Picture 4: tokubetsu-jûyô, tachi, mei “Kuniyoshi” (国吉), nagasa 70.9 cm, sori 2.1 cm, shinogi-zukuri, iori-mune

Now to Kuniyoshi’s “other” blades. There are about seven ken of him known of which I want to introduce the most famous one, the jûyô-bunkazai ken. I have “only” pictures of five of these blades in my database but I dare to say that the majority of them is identically interpreted. They are all slender, in ryô-shinogi-zukuri, show a thin hi along the rather high shinogi (a groove that is referred to as shinogi-hi by the way), and their tips are not that stubby (that means they don’t have a pronounced fukura). The majority has a nagasa between 21.0 and 25 cm (although there is an overlong jûyô-bijutsuhin ken with a nagasa of 84.8 cm), that means Kuniyoshi’s ken are mostly small and graceful and have a nakago that is relative long in relation to the blade length. Their jigane is about identical to that of the tachi, i.e. highest quality nashiji, and the hamon is a suguha-chô in ko-nie-deki with kinsuji and sunagashi and some ken feature a few hotsure and others a little mixed-in notare (the jûô-bunkazai for example). We also see nijûba, also not that prominent as on long swords, and at one ken, the nijûba just appears in the bôshi, meeting at the shinogi ridge (see picture 6). The jûyô-bunkazai ken is signed with a fine chisel whereas one jûyô-bijutsuhin ken bears a thickly chiselled mei, that means we can’t make out any rule when it comes to ken signatures (for example that all of them are signed the same way and would therefore go back to the same phase in his career).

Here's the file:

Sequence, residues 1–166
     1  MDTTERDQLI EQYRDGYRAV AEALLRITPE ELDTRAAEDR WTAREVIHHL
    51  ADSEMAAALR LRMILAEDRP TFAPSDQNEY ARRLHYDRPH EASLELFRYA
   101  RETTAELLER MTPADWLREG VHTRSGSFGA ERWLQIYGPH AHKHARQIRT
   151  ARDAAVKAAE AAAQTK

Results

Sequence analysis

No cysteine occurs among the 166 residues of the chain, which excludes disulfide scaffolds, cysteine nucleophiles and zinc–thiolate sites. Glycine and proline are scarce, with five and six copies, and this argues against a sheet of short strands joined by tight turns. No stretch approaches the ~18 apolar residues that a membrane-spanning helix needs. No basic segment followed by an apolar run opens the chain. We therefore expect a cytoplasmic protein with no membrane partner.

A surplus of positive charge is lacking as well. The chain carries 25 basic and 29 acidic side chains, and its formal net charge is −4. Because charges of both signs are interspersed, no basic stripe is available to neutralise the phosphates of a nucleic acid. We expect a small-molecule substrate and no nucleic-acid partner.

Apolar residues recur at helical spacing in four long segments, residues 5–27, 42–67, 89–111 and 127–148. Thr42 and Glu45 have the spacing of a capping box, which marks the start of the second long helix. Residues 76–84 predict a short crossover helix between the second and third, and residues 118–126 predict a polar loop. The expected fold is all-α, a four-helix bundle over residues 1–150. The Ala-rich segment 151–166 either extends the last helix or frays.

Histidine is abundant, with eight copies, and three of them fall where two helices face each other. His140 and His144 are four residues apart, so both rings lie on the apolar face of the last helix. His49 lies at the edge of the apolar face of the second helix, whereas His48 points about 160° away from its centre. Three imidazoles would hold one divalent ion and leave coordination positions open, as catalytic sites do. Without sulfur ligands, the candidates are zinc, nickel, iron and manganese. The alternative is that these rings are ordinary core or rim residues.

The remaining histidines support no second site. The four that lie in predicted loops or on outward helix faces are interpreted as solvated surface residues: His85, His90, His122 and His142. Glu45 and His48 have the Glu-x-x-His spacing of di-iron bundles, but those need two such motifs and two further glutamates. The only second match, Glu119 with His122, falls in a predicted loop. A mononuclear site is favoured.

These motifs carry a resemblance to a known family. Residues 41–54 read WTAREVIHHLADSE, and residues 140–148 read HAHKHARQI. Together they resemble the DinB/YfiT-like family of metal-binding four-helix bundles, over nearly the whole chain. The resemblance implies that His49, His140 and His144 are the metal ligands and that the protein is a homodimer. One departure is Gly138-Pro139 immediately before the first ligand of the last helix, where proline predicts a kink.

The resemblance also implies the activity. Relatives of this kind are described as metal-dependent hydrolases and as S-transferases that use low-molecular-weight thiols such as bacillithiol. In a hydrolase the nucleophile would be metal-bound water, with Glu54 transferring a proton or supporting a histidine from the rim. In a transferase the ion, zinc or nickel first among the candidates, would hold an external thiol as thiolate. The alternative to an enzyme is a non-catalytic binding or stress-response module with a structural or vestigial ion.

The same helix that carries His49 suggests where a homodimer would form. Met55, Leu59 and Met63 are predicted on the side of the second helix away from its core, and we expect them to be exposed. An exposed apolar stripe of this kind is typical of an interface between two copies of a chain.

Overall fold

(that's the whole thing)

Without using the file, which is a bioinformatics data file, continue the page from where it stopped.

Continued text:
Picture 5: jûyô-bunkazai, ken, mei “Kuniyoshi” (国吉), nagasa 24.2 cm, motohaba 2.3 cm, ryô-shinogi-zukuri


Picture 6: jûyô, ken, mumei “Den Awataguchi Kuniyoshi” (伝粟田口国吉), nagasa 23.8 cm, motohaba 1.9 cm, ryô-shinogi-zukuri

Next “special case” is the famous jûyô-bunkazai and meibutsu Nakigitsune (鳴狐, lit. “howling fox”) from the former possessions of the Akimoto family (秋元) which ruled the Tatebayashi fief (館林藩) in Kôzuke province. Here we are facing a long uchigatana (the jûyô-bunkazai designation says “katana”) in hira-zukuri and although this is the only one of its kind, i.e. by a famous smith from that time (Kamakura), it has some Heian-period predecessors. Please note that the blade shows a bôhi which is engraved very close to the mune, a characteristic feature that is typical for the Awataguchi School. However, the diagonal end just above the habaki is unique to Kuniyoshi and also found on some of his tantô. By the way, Tanobe sensei sees the Awataguchi Hisakuni tantô shown in picture 6 here from its overall impression as “miniature version” of the Nakigitsune. The jiba of the Nakigitsune follows that of Kuniyoshi’s tachi and on this blade too we see prominent nijûba. But the suguha is pretty wide and we see some ko-gunome and ko-notare along the fukura. Please check out hi-res pictures of this blade here.